Grand County Weed Control supervisor Tim Higgs said the method involves the use of tiny insects called gall midges, which weaken the knapweed plant during its early growth stages.
“It reduces the amount of seeds produced and controls the spread of the plant, even though it probably won’t kill the plants themselves,” Higgs said.
He added that herbicides and other control methods will still likely be needed.
“It’s part of an integrated approach,” he said.
Russian knapweed (Acroptilon repens) is a noxious perennial with purplish colored flowers. The plant was accidentally introduced from Asia to North America in the late 19th century. Russian knapweed has since become a problem throughout 45 states and several Canadian provinces. The invasive plant tends to crowd out other vegetation and can be toxic to horses and other livestock, Higgs said, adding that the weed can be found throughout Grand County in riparian areas along the Colorado River, in meadows and fields, and even in the mountains.
Higgs said recent tests conducted in a mesh 6-by-12 foot tent set up on private property near Cisco, about 30 miles northeast of Moab, have shown that the midge gall does damage the knapweed plants without harming beneficial plants. The midge also has been found to be effective in controlling perennial pepperweed, another noxious plant, he noted.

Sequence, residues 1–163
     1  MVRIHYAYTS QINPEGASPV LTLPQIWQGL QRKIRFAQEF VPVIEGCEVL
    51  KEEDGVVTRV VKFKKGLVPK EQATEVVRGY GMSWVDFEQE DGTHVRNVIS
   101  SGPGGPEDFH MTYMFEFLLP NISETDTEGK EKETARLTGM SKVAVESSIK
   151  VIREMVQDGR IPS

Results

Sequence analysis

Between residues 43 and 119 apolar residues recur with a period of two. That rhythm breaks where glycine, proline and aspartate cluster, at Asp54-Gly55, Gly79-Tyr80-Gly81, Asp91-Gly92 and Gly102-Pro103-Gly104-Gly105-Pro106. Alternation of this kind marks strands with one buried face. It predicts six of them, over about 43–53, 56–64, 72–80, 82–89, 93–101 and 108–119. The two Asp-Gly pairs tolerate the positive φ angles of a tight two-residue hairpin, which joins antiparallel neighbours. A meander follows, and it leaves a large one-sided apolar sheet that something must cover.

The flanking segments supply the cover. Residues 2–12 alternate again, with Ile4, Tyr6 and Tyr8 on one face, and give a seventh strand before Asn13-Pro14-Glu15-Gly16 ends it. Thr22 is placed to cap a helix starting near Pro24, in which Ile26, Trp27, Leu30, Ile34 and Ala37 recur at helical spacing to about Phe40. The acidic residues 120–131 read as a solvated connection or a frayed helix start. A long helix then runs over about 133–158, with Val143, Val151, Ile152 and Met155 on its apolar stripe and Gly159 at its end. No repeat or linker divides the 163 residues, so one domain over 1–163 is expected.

“There were a couple of earlier attempts that didn’t take, but this one seems to be doing well,” Higgs said. “We’re trying to get it established so we can send it to other parts of the state.”
The county’s plan is to eventually introduce the gall midges to a 20-acre site along the Colorado River, to see if they will help control knapweed there, he said.
The weed control project is one of several ongoing efforts that are being conducted with the approval of the Grand County Council, in conjunction with the Animal and Plant Health Inspection Service (APHIS) and other agencies, as part of the Utah Partners for Conservation and Development’s (UPCD) Watershed Restoration Initiative.
Other methods of bio-control have seen success in the Grand County area, Higgs said. The most notable example of successful bio-control is the tamarisk beetle, first introduced to the area in 2004 to combat the spread of tamarisk, or salt cedar trees.
“We’ve seen an 80 percent decrease in tamarisk in some areas, with numerous trees now dying and falling over,” Higgs said.
Although not as widespread as they once were several years ago, the tamarisk beetles’ effect on the salt cedar trees can still be seen, with browning tamarisk foliage still being observed along many sections of the Colorado River, he said.
In addition, a certain species of mite has been shown to be effective in curbing the spread of bindweed, Higgs said, noting that experimental testing with that bio-control agent is now being done at a site in Castle Valley.